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How will rates impact the summer buying season? 

Why do we call the spring and summer buying season anyway?  Some of it is just logic but there is also data to support this.   Better weather brings people out, sellers like to (or are advised to) show off their homes when the yard is green and blooming.  Spring doesn’t just bring flowers, for many potential buyers it brings tax refunds to boost their down payment.  If they have children, buyers also want to be settled before the new school year starts and busy holiday season. 

Like I said, the data supports this theory that more homes are bought and sold during summer months as well.  Homes sold in late spring and early summer net the sellers more money, like thousands more according to ATTOM Data Solutions.  Bankrate says the premium for selling during this time as opposed to October is upwards of 9%.  So spring is said to be the peak season for activity in our space. 

Will this year be different? 

We started this year very optimistic about interest rates.  The overly optimistic were saying we’d see rates in the 5’s by this summer.  The more conservative said we’d see a slow, gradual decrease in rates with the bottom likely not happening until 2025.  No one was really bold about saying what that bottom would be – rates in the 4’s?  Maybe just low 5’s?  I think almost everyone agrees we won’t see 2% again.  But, what if Donny comes back to the White House?  He held rates at zero for a long time.  Some would say he got us into this whole mess. 

I’m not complaining, I built generational wealth for my family from March of 2020 to March of 2022, the period that ole Donny boy pressured the Fed to keep their fed funds rate at zero.  It did, however, contribute to this little inflation mess we are in now.  If he wins the election, what “guidance” will he give the Fed this time?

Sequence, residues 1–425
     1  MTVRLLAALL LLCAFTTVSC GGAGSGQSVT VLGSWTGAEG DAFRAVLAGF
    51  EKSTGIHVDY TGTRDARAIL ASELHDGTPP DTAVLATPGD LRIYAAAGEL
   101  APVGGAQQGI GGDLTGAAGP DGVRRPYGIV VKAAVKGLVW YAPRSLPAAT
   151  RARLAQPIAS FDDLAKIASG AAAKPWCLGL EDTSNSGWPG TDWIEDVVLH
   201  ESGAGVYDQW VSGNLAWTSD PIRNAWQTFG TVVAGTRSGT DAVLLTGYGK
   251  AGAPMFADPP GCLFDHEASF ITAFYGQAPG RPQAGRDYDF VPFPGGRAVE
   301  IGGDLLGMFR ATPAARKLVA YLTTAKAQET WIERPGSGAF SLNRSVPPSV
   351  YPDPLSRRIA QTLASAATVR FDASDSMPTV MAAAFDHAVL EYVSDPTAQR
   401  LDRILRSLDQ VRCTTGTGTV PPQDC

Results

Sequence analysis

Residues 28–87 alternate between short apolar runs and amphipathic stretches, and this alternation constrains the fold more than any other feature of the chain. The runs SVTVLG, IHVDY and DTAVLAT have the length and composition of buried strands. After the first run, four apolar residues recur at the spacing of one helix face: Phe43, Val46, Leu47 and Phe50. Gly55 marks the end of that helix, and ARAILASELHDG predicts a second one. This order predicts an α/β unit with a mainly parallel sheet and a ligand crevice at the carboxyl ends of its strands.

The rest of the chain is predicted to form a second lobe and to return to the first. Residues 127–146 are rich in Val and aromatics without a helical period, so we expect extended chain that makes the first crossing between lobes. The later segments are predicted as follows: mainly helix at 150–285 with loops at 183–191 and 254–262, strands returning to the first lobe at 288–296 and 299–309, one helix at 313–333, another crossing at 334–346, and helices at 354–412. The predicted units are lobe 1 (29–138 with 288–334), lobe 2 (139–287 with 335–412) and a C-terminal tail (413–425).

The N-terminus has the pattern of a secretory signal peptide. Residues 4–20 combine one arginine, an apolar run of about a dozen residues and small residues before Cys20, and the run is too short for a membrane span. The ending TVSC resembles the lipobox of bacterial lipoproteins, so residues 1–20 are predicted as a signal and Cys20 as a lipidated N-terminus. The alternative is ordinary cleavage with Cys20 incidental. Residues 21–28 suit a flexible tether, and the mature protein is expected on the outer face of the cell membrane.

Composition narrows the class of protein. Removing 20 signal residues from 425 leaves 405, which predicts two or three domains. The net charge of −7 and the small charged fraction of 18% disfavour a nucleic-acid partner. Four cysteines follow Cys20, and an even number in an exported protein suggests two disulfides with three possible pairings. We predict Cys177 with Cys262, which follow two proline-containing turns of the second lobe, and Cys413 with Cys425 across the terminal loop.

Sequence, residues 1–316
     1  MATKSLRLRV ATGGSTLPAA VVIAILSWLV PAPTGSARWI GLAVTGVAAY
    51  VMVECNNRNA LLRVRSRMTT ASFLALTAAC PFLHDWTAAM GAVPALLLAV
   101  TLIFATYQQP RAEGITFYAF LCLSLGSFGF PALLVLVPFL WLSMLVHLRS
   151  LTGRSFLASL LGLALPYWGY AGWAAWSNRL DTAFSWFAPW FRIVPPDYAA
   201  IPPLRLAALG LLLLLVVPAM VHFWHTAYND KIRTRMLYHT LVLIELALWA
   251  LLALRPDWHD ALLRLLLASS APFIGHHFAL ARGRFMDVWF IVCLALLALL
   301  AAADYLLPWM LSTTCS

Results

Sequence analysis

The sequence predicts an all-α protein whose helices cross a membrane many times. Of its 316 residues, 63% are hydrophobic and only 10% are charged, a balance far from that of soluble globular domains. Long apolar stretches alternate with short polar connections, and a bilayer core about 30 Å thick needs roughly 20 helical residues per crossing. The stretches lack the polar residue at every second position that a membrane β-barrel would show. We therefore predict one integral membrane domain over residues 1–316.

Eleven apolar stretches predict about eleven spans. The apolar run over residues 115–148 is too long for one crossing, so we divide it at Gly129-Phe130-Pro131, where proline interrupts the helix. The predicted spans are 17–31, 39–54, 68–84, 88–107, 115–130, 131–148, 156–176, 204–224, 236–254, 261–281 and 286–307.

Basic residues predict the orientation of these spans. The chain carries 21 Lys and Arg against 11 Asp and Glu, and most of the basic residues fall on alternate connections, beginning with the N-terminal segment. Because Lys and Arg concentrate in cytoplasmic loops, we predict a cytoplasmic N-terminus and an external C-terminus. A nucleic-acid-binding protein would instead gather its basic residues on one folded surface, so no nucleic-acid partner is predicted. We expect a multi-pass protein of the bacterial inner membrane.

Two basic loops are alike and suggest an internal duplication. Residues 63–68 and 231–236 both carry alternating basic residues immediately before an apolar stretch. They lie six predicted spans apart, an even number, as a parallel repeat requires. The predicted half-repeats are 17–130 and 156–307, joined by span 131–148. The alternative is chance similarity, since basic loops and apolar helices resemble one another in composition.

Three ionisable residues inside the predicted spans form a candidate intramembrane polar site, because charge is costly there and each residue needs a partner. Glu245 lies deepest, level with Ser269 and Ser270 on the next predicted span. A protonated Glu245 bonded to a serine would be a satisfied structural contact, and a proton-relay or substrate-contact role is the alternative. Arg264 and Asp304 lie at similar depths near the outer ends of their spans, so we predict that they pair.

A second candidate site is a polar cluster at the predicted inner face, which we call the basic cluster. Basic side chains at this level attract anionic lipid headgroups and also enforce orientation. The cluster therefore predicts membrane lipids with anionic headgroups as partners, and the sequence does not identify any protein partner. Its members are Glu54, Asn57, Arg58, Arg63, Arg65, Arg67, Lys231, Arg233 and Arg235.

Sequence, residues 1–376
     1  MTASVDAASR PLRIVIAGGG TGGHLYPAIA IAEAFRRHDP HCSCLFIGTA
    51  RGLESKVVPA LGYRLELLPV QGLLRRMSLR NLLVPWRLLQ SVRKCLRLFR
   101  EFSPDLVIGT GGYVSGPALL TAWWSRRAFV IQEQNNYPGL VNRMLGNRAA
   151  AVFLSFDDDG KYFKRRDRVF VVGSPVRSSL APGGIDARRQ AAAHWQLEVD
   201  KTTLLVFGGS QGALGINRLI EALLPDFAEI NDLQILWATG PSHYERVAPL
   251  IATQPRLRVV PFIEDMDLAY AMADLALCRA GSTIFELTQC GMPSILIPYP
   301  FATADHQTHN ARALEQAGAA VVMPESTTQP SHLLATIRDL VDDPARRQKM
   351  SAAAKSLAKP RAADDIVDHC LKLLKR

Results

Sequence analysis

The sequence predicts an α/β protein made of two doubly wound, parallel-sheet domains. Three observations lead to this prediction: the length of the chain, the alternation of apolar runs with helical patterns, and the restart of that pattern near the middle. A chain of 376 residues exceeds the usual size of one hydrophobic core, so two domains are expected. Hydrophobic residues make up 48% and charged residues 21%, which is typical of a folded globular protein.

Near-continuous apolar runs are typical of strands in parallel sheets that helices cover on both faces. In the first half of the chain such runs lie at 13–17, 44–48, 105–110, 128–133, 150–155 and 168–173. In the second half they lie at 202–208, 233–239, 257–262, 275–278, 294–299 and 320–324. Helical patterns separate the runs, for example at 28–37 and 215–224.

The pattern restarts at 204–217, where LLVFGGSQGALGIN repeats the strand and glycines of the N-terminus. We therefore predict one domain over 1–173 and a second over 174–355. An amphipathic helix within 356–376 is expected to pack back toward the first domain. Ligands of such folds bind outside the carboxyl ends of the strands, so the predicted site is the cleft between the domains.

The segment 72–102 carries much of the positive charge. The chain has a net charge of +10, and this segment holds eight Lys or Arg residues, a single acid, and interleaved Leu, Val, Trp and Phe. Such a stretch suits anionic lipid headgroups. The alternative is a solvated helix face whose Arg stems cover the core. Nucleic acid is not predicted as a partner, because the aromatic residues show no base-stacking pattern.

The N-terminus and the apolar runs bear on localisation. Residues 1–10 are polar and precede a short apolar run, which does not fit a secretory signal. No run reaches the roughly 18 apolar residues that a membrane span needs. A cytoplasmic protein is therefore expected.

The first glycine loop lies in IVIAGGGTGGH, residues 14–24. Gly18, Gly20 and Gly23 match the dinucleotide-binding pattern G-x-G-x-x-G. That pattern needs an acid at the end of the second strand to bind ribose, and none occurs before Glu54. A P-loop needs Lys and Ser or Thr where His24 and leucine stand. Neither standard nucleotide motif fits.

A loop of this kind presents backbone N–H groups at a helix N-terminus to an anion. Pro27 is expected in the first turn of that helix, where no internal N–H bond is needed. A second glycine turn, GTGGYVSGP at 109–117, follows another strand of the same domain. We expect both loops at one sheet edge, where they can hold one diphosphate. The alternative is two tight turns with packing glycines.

Let’s pivot here, before this conversation gets too heated.  We’re talking about spring and summer anyways and the election isn’t until November. 

The Fed did not cut rates. 

Yet.  The first quarter is wrapped and we are still hovering between 6 and 7%.  The first of three promised rate cuts has yet to materialize but the markets, investors, buyers and sellers are all waiting with bated breath for any sort of hint.  Powell spoke on Wednesday followed by more than half a dozen other Fed policymakers on Thursday.  Let’s start with the big dog. 

Powell reiterated that the Federal Reserve is not a political institution. 

If he has to say that though…I won’t beat a dead horse.  He said the Fed has time and needs to continue to assess the data before reducing rates.  Basically, they are waiting for more evidence that inflation isn’t going to spike back up.  Cleveland President Loretta Mester said she thinks the central bank is getting closer to the kind of confidence they would need to initiate the first rate cut.  Neel Kashkari said he questions whether a rate cut needs to happen this year at all.  (Luckily, he’s not a voting member this year.) 

Chicago Fed Chief Goolsbee thinks the hot inflation numbers from January and February shouldn’t freak anyone out and inflation is still on track to hit 2%.  Fed Futures markets are betting on what the new neutral interest rate will be.  The Fed thinks it is 2.6% that will be the magic number that neither slows nor stimulates economic activity.  The markets think it’s probably more like 3.6%.